Leaders of the world’s largest economies have agreed to support efforts to triple renewable capacity by 2030 during this weekend’s G20 negotiations in India.
However, discussions among G20 nations on the phase-out of fossil fuels were difficult, with several large emitters staying committed to fossil fuel production.
Amitabh Kant, a top Indian government official who oversaw a number of the negotiations in the state of Goa, praised the pact as “probably the most vibrant, dynamic, and ambitious document on climate action” during a news conference.
Most climate and energy experts are skeptical of the commitments. The G20 nations collectively account for 80% of overall greenhouse gas emissions, making their agreements critical to global decarbonisation efforts.
According to the International Energy Agency, reaching net zero by 2050 will be impossible unless fossil fuel output is halted.
At the conclusion of the negotiations, officials issued an outcome statement rather than a joint communiqué, which is issued when governments reach complete agreement on all subjects.
The declaration will serve as the foundation for this year’s COP28 climate meeting, which will be held in Dubai later this year. Environmentalists and world leaders have already expressed fear that the meeting would lack the ambition needed to keep global warming to 1.50 degrees Celsius.
This weekend, leaders debated contentious carbon-capture technologies supported by oil-producing countries like as Saudi Arabia and the United Arab Emirates.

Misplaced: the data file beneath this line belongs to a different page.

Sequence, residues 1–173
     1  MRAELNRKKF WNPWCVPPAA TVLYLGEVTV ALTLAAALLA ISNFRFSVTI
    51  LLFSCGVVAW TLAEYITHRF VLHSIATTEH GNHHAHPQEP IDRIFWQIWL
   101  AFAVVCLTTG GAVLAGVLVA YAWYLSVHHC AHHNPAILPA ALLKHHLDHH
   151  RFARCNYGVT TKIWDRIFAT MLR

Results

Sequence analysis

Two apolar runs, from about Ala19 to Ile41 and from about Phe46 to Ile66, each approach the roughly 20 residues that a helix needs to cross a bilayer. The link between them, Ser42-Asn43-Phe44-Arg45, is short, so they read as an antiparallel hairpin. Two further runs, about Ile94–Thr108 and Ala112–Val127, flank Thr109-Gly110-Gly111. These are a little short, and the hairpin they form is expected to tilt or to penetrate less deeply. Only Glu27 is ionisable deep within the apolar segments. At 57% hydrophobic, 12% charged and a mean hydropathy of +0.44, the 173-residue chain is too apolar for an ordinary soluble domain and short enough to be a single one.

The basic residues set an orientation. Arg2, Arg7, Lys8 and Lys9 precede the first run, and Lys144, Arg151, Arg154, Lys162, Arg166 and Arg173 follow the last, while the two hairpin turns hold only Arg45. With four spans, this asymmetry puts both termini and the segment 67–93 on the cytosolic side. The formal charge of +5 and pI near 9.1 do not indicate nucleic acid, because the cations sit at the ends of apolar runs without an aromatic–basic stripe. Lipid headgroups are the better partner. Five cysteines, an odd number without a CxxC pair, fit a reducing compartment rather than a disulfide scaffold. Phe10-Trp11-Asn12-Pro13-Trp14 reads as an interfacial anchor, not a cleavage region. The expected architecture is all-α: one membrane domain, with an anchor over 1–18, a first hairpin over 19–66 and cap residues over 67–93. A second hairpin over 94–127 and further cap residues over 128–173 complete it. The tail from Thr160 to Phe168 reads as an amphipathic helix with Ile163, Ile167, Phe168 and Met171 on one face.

The G20 countries will “demonstrate similar ambition with respect to other zero and low-emission technologies, including abatement and removal technologies,” according to the final statement.
Carbon capture supporters argue that it is a crucial step toward net zero emissions, while detractors argue that it is a distraction from the fundamental difficulty of phasing out fossil fuels.
For the first time, the G20 reached an agreement on the amount needed to transition the energy system to sustainable alternatives.
According to the statement, $5.9 trillion will be required by 2030 to assist developing nations in meeting their climate targets, with an additional $4 trillion required each year until the end of the decade if developing countries are to achieve net-zero emissions by 2050.
National leaders highlighted the significance of phasing down fossil fuel consumption in accordance with different countries’ economic and development prospects. The issue of differing obligations between developed and developing countries has been a hot topic in recent climate change debates.
Environmentalists applauded the renewables accord but were disappointed that a more comprehensive agreement on fossil fuels was not reached.